One of the aspects of my photography that I have wanted to improve is my ability to take photos without needing to shoot the photos in RAW. Fujifilm does such a great job with their JPEG images straight out of camera that I have wanted to really publish nearly unedited photos on a regular basis from my cameras. Recently I have been doing that on Instagram using my X-T3 camera. I am able to shoot in JPEG to one card, then connect to my phone via bluetooth and wifi and transfer the photos quickly. 

It’s been very fun, and it takes a dramatic amount of less time to go from taking a photo to publishing it on something like Instagram. I have been happy with the JPEG images and I plan to continue to publish them using this method. 

If you’re interested in following along with my Instagram, my handle is @amseaman

You can take a photo of this badge with your instagram camera to follow me.


Sometimes I think my greatest frustrations come from me not living into my own ideal expectations. As I have grown older I think it has only gotten worse over time.

I am someone who loves routines and rituals. Or at least I say I do. I think I do.

Some of my routines are easier to follow than others. If others participate in my rituals and routines, it makes it ten times more likely for me to follow through consistently. If it’s up to just me however, or up to me to initiate, I am good for a little while, or here and there, but I’m just not consistent. And that really bothers me. Like, a lot.

For example, I have the extreme desire to write nearly every day. But I’m the only one motivating myself to do it, so it just doesn’t happen. I love to make coffee every morning using my aeropress or chemex, and if my girls make themselves a pot of coffee, I almost always make myself a nice cup of coffee for myself as well. If they don’t, I often don’t (unless I really need one).

I’m not sure exactly why that is.

A few years back when I shot photography using Pentax cameras, there was a great online community of Pentax users who shared a daily photo with each other. We all commented on each other’s photos every day from all around the world. I loved being a part of that group and it really helped me to understand the craft and art of photography. It forced me to be creative, to notice things every single day that were around me. I felt the pressure, but it was a good pressure. I loved the ritual.

want to do that now that I’ve switched to Fujifilm, but that sort of community doesn’t exist as far as I’ve seen. So here I am wanting to take photos like I used to, at least one each day, challenging myself to notice things around me and capture them in interesting ways, but I just don’t do it without the support of others. And then I get frustrated.

But it’s not just those sorts of unnecessary routines that I don’t follow through with, it’s also the ones that I definitely should be doing. Laundry. Cleaning up after the boys. Taking out the trash when it first needs to go out. Organizing the bills and mail and emails and tasks. I’m not as good with that stuff. I also don’t have people encouraging me to do it. My wife is good at almost never nagging me about it, but there are times I wish we were more supportive with each other to get these things done.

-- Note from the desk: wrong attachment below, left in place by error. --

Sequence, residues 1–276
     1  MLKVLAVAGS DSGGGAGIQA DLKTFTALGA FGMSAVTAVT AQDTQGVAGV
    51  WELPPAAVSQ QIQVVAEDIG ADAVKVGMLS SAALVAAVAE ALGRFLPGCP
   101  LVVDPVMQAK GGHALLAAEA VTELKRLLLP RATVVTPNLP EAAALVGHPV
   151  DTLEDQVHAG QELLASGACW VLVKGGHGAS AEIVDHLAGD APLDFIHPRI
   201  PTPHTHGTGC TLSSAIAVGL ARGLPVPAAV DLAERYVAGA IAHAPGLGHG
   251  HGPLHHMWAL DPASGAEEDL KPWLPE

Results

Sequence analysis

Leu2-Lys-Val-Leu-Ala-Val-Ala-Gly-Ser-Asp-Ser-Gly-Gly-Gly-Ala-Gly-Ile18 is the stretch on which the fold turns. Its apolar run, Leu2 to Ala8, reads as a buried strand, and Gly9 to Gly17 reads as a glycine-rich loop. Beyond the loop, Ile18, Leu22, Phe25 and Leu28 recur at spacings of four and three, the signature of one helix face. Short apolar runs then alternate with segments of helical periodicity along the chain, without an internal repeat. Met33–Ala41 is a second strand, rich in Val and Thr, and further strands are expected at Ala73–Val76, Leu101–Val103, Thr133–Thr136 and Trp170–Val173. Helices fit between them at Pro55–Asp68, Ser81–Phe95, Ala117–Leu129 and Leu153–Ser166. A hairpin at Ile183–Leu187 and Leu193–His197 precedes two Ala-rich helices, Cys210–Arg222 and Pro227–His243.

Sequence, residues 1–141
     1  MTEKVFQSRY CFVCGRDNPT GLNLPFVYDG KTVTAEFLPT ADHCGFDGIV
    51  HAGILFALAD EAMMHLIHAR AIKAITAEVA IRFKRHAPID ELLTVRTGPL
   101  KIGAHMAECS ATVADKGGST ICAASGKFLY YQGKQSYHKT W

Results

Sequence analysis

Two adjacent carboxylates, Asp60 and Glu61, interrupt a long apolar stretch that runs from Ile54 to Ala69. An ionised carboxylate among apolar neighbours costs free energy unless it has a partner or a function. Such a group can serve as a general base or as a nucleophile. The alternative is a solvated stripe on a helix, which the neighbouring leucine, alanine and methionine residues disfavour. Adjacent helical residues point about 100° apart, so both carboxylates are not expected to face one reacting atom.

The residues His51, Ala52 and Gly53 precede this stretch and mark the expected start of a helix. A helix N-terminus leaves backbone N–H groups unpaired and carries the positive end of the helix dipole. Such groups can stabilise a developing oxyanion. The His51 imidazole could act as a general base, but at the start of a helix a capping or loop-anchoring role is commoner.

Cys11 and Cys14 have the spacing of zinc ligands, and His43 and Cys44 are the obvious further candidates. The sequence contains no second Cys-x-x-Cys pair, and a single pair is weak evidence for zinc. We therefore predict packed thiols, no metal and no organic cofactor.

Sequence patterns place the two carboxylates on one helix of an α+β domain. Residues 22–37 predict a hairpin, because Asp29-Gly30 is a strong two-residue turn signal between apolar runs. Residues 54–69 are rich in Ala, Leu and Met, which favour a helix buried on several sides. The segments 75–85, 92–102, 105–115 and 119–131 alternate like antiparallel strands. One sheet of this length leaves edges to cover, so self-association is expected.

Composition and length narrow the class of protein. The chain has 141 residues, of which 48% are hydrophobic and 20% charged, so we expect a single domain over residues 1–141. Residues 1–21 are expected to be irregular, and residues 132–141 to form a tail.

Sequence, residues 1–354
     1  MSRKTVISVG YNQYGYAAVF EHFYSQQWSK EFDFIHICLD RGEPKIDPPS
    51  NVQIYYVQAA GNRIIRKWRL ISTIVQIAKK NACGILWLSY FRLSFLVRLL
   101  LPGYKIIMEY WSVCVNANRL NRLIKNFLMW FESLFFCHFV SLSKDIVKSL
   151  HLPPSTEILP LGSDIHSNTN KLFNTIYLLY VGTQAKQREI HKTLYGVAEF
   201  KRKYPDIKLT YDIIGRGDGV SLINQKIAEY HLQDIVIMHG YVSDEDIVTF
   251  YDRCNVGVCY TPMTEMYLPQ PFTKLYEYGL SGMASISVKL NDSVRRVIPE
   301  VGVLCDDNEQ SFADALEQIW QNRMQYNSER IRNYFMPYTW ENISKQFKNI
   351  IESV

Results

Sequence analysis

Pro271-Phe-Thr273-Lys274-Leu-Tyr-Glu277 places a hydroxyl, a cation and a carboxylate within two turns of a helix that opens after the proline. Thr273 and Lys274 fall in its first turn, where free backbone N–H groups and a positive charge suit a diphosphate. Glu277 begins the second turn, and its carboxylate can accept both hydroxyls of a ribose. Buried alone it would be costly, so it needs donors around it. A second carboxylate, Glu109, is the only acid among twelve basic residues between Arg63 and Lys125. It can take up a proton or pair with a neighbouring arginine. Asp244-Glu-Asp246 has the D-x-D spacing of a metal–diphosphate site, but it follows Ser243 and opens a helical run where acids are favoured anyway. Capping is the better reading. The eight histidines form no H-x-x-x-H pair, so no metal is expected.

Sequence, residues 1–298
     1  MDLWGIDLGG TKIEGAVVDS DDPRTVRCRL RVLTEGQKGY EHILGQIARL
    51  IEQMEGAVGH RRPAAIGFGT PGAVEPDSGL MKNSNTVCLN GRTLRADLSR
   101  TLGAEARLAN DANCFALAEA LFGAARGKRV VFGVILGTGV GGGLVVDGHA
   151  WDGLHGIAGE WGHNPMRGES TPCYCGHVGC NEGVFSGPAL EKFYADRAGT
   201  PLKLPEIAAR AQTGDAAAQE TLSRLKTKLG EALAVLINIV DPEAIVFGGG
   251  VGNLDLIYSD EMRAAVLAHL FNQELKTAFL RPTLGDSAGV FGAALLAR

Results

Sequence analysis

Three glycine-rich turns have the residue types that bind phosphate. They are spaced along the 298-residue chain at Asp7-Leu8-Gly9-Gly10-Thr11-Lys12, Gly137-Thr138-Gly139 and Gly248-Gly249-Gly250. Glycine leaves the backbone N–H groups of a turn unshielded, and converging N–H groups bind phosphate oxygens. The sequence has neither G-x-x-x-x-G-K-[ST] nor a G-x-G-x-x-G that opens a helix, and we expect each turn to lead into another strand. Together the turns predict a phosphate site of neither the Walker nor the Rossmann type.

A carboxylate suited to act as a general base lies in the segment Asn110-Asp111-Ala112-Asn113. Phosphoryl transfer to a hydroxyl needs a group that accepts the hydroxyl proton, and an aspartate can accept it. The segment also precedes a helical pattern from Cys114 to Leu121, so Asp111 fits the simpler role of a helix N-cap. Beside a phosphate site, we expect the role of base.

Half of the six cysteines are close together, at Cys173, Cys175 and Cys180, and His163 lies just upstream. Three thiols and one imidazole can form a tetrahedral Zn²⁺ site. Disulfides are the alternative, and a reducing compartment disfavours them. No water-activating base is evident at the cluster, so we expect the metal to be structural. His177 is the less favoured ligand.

I don’t do the necessary routines, I then I get frustrated with myself that there’s laundry all over the floor, or that the boys have their toys scattered all over the room, or that there’s now two bags of trash sitting next to the trash can that I need to go take out to the dumpster.

The other day I was super frustrated about it and I just said in desperation to Sarah, “I’m so sick and tired of living this way!” And I am. But I don’t really know how to overcome it. I could make myself artificial motivators. I could create checklists and chore lists or something like that. But I’m not sure that would even work.

I have no real solutions to my problems right now. But my frustration has opened a window into an insight about myself that I’ve been recognizing recently. I plan to write about it soon (but probably won’t because…well…yeah, no other people encouraging me to do so). But I think I’m actually an anxious person and just haven’t seen it until recently. Maybe it’s that I’ve always told myself that I’m not an anxious or stressed out person in comparison to those in my family. But perhaps if I can address this element in myself, then perhaps these other daily tasks and rituals have a better chance at coming more naturally to me and actually happening more consistently.

Who knows? But it’s the path I’m planning on taking for now.

A Root Cause for Fickle Emotions


I woke up this morning feeling emotional.


I usually sleep very well. Extremely well. But last night I woke up around three times that I can remember. I have a faint feeling like I was having bad dreams. But I cannot remember any of them.


Which made me wonder what is really going on in my brain right now. I know I was fairly feisty and moody yesterday. I chalked it up to being tired from the night before. (I was out late on my weekly Taco Ride bike ride.)

But it’s clearly more than that.


I brought my mood up with a couple friends and they suggested that it might be that a lot of the emotions from the past couple weeks’ drama in my house is catching up to me. I’ve been on autopilot up until now.

I do think there’s truth in that. But it’s not the root. But I think I can identify the root.




Micah has been on an extremely low carb diet. This in and of itself has added stress to my life. Always having to think ahead about what he will be eating. What he is willing to eat. Limiting his carbs. And his constant nagging of saying that he is hungry.